Missing "The Hurricane"

20:19:00 Ramona Dragomir 0 Comments

It was four years ago that I read the most dreadful tweet of my life: "Higgins found dead in his flat". I remember that I was just getting accustomed with the world of snooker, but I knew about Alex and his legacy.

In just a few minutes my Twitter page was flooded by messages from people who were absolutely stunned about what had just happened, many of them being unable to write anything but "I can’t believe the Hurricane left us".

Indeed, it was 24th of July 2010, when Alex "The Hurricane" Higgins decided to leave this world for a better place. I remember that the papers stated he was deceased for several days before the police found his body. A genuine war of accusations followed next, someone had to carry the guilt. Like that was going to bring the poor man back.

His beloved friend, Jimmy White was amongst the ones who was present at his funeral and shared a tear, while the people of Belfast gathered to give "The Hurricane" one last cheer and one more round of applause as the funeral procession passed by.

His beautiful daughter recited a really emotional poetry and then the silence settled in.

Many snooker players shared their thoughts about Alex, Ronnie O'Sullivan being one of them, as well as Denny Taylor (with whom Alex had a very eventful history), Steve Davis, John Virgo (who actually wrote a book - a pretty decent one too), Ken Doherty and the list can go on.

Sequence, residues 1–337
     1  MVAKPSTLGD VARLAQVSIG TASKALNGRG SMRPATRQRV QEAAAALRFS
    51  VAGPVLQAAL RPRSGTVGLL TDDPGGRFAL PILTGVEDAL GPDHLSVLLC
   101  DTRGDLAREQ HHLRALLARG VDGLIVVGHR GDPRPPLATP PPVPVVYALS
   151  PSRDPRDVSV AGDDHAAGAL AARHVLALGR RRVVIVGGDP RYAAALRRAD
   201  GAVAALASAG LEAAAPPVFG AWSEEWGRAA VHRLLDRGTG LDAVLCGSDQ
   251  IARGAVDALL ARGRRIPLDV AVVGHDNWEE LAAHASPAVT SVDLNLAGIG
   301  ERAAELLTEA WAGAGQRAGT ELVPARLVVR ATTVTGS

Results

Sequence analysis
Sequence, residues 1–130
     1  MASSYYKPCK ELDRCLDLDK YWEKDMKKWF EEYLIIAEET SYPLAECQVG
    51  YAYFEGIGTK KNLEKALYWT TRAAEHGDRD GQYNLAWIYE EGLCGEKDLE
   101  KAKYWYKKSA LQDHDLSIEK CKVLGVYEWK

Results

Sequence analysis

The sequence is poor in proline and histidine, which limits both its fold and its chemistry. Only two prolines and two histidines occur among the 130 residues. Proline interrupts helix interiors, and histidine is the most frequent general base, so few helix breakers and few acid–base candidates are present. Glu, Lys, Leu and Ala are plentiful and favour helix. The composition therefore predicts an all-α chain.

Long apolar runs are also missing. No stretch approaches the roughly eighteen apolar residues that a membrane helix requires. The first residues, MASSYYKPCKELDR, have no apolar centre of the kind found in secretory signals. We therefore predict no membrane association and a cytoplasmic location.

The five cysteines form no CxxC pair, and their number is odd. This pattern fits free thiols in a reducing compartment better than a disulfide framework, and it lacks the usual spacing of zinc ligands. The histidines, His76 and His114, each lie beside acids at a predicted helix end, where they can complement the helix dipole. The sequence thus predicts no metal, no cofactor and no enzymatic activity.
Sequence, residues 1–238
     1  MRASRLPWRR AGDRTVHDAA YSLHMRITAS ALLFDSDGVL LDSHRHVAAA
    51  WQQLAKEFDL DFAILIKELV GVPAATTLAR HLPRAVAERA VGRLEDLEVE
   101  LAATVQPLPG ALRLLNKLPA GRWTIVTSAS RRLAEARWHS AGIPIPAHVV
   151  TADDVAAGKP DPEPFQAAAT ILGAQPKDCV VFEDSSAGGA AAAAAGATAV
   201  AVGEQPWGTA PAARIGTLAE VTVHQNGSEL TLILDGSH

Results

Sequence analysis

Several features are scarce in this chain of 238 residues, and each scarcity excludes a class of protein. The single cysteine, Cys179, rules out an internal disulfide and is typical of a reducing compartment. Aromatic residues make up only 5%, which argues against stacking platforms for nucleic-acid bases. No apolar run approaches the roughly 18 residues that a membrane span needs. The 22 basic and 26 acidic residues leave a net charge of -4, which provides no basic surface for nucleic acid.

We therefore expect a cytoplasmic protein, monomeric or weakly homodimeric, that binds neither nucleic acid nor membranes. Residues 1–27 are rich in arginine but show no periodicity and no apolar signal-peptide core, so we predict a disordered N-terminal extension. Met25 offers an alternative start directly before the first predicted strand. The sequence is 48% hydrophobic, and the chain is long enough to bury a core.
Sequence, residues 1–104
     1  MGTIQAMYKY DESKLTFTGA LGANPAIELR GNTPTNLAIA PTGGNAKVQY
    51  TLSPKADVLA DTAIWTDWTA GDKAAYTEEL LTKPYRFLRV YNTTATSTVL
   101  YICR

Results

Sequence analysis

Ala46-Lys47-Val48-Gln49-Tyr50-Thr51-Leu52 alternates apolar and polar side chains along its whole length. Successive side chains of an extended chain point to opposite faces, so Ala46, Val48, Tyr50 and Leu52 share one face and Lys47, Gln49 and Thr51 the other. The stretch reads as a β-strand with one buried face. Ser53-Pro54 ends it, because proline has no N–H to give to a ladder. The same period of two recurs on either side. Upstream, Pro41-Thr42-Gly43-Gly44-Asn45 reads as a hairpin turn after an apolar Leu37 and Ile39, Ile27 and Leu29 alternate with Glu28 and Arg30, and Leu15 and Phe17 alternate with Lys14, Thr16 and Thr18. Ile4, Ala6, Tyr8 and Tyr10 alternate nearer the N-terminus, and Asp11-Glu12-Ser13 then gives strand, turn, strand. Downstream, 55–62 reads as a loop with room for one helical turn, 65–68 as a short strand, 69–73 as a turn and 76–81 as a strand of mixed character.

Now, four years after his departure, people, snooker fans, fellow countrymen, still remember Alex Higgins as being the "People's champion", a tormented soul, a colourful character, a hell of a snooker player with a heart of gold and the manners of a butcher ... sometimes.

1982 - Champion of the World
His involvement with snooker is not something that can be captured into an article, nor can it be shared through a book. One must witness his matches to understand the electricity of this player, the constant spell he was under each time he was playing on the green baize. 

Not to mention the amount of people (now prestigious snooker players) that were influenced and inspired by Higgins's way of playing snooker. Even today, the lads have him as a snooker player model and many try to use those twisted shots he was performing in his heyday.

I'm not much for religion and what they teach you at school about God, but I remember my high school teacher who once said: "People's action speak for them even after their death." 

And in Alex's case, the fact that even today people still consider him a legend and one of the milestones that made snooker into what it is today ... well, that's something isn't it?

Miss you Hurricane!